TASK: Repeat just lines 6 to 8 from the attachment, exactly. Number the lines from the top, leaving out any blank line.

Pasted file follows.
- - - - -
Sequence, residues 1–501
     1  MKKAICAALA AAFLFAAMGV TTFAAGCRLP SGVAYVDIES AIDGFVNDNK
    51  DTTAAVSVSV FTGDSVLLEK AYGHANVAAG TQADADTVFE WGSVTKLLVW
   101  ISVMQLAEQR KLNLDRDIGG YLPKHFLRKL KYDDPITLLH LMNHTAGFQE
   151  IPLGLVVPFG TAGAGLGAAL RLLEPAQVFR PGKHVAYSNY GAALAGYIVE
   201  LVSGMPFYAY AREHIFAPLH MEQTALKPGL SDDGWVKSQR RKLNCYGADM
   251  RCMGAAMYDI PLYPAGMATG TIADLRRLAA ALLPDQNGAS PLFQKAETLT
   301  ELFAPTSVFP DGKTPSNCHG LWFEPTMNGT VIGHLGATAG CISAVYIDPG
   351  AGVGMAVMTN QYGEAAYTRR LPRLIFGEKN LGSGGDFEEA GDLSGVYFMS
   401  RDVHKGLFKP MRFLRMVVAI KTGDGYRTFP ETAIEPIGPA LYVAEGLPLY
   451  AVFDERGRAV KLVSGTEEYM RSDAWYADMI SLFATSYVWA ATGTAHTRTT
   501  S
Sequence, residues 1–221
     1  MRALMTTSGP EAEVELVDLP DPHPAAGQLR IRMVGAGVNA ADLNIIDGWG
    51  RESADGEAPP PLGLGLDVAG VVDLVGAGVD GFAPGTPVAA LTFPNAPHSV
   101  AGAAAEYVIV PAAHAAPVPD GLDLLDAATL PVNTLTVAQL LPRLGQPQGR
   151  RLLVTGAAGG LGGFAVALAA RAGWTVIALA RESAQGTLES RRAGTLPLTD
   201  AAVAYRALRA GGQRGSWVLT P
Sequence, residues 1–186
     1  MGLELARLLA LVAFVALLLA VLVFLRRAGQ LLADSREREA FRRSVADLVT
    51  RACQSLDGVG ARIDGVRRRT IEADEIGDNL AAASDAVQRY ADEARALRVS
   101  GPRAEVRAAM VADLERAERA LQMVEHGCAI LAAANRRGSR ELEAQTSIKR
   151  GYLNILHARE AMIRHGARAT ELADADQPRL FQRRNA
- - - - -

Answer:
   201  LVSGMPFYAY AREHIFAPLH MEQTALKPGL SDDGWVKSQR RKLNCYGADM
   251  RCMGAAMYDI PLYPAGMATG TIADLRRLAA ALLPDQNGAS PLFQKAETLT
   301  ELFAPTSVFP DGKTPSNCHG LWFEPTMNGT VIGHLGATAG CISAVYIDPG